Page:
Limerick (pop. 1,755) selectmen are now paid $5,000 each after receiving a $1,000 raise at this year’s town meeting. And the town clerk will no longer have to pay the deputy clerk out of her own pocket as the voters also approved spending $3,500 for the deputy clerk.

Officials in Upton (pop. 69) gave elected officials their first pay raise in nine years. The selectmen and the clerk will now each receive $1,000, an increase of $300; the tax assessor will now receive $800, up from $500; and each of the school committee members will receive $100, up from $75.

Vienna will pay officials in the fire department for the first time; and selectmen will get an increase from $2,650 to $4,000 a year. Even the animal control officer’s pay was raised by $1,000 to $2,500. And not only did the selectmen get a salary increase, they will also get $6 an hour to attend training and regional meetings that are mandated for the position.

 Upgrading Assessing/Conducting a Revaluation

  They said yes to spending $20,000 in Fort Kent (pop. 4,280) to upgrade and therefore more efficiently and equitably tax the personal property of businesses in town. Advocates said this would go towards expanding the town’s tax base and reduce the mill rate.

But they said no for the second year in a row in St. Albans (pop. 1,724) to hiring someone to conduct a revaluation of the town, despite the fact that one had not been done in 20 years; the manager reported that many homes were greatly undervalued. They also said no to a building permit ordinance; as they did in West Paris (pop. 1,514), where they have reportedly been saying "no" for the past 15 years.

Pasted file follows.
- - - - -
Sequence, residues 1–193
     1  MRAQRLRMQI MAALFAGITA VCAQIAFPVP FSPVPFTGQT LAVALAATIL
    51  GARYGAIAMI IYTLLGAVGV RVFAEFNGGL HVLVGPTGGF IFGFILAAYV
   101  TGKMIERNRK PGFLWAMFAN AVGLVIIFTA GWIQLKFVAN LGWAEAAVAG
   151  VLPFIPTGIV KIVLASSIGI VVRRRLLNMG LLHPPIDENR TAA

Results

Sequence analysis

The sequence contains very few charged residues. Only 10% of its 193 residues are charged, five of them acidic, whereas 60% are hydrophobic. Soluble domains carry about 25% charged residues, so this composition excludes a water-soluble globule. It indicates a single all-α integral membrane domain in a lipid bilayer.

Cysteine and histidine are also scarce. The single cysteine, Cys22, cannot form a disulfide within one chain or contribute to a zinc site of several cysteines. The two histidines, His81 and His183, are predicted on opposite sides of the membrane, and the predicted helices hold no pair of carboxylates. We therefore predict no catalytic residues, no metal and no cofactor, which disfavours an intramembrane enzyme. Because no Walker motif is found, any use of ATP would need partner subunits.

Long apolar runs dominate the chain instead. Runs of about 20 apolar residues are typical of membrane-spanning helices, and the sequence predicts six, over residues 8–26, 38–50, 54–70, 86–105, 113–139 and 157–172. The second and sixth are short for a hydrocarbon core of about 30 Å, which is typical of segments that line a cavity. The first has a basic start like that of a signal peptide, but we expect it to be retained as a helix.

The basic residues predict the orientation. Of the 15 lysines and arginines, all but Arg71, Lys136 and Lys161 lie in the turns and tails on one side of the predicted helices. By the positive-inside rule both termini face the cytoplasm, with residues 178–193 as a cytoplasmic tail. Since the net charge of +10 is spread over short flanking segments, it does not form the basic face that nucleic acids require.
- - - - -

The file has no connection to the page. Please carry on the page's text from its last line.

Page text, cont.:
They agreed to look into a revaluation of the town in Freedom (pop. 652), appointing a group to study the options, after one resident reportedly noted that anyone who lived in the town and did the revaluation of the town loses a lot of friends and another said they would prefer an in-house approach because it "stresses the human factor." With 528 parcels to be revalued, the selectmen figured it would cost about $26,000.


  So as not to get caught the next time the power goes out for up to two weeks, so as not to wait till the memory of the Ice Storm of ‘98 fades from view, many a municipality took the opportunity of March town meeting to prepare for the next power outage.

 Emergency Power

  In Lovell (pop.890) voters upped the Civil Emergency Preparedness account from $100 to $1,000 in order to replace the electric heater at the town’s fire station with a gas-fired water heater. In Waterford (pop.1,433) they authorized the selectmen to purchase a $20,000 diesel-powered generator for the new municipal building, which houses the town office as well as the fire station and town garage. The monies will be taken from the town’s forestry account, which reportedly has more than $100,000 in it. and repaid in $5,000 installments over four years.

In Steuben (pop. 1,126), voters approved spending $1,000 to purchase a small generator to run the town office during an emergency. They asked for and received $3,000 to purchase a generator for the town garage in Greene (pop.4,001). They established a committee in Durham (pop.2,939) to look into the cost and feasibility of installing a generator at the local school so it could be used as a shelter in future emergencies. The committee was denied $2,500 to hire an engineer to assess what it would cost to run the school’s heating plant, after learning that the minimum cost would be $30,000 not counting the cost of wiring the building and housing the generator.


But what do you do for shelter, if you belong to a school district and there is no school to house a shelter in your town; if in fact you have to hold your town meeting in a school in another town? You do as they did in Vienna: get voter approval to spend $60,000 to build a 32 x 40-foot addition to the fire station, complete with showers and a kitchen and communication room to be used in future emergencies. As planned, the town will use reserve monies and a low interest loan from the Farmers Home Administration.